Tony Finn was born in 1938. Educated at Mount St Mary's College and and Durham University's King’s College, Newcastle, he has an Honours Degree in Chemical Engineering. Now retired, he worked originally for the engineering company, Newton Chambers, in Chapeltown, near Sheffield, and later for twenty-six years at the BP Chemicals manufacturing site at Salt End, near Hull. He is a Fellow of the Institution of Chemical Engineers, and was actively involved in the work of the Institution for many years, serving as Hull Centre Chairman and Yorkshire Branch Chairman. His interests lie in model engineering, computers, music, modern art, writing poetry, and painting watercolours. He collects marine paintings, and is a Trustee of the Friends of the Ferens Art Gallery in Hull, and an active member of the Hull & District Society of Model and Experimental Engineers. He lives in the 13th century town of Hedon in the East Riding of Yorkshire.
Email: tony AT finnaj DOT karoo DOT co DOT uk

Welcome to my Home Page, a reflection of some of my diverse interests. Here you will find a selection of my Poetry, and Paintings, a Recipe, and some Model Engineering, in particular, Home Pages for the Hull & District Society of Model & Experimental Engineers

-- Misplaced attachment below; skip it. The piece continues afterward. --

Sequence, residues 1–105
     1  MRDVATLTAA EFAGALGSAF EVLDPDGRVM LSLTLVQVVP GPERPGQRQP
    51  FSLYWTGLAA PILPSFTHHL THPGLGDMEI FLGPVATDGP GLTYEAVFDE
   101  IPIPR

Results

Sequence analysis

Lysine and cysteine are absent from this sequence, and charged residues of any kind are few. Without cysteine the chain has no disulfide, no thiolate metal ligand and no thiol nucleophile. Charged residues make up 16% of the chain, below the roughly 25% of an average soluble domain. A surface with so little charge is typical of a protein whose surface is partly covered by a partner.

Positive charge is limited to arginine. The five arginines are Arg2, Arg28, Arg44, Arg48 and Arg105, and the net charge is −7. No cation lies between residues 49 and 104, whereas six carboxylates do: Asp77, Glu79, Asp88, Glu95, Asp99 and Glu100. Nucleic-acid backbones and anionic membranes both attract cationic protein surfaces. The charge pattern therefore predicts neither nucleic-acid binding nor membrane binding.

I hope you enjoy reading this poetry. All of the poems here have been published at some time, mostly in obscure places! I hope one day to publish a book of collected poems, if I can find anybody interested enough to take it on. You will notice that all of the poems are written in verse that rhymes and scans. That isn’t very fashionable these days. I haven’t got anything against blank verse, but I do believe that poetry should at least make some pretensions of scanning, even though it doesn’t rhyme.

My own favourite poets are two: John Betjeman, much of whose work is fun to read, though he also makes some interesting social comment: the other is Robert W Service, best known for “The Shooting of Dan McGrew” . His funny work is superb, but his descriptive pieces, especially about the Yukon Gold Rush of 1898, are brilliantly pictorial and rhythmic. I commend him to you as a good read.

Click here to hear the voice of Robert W Service (MP3, 211Kb) reciting part of his poem "The Spell of the Yukon"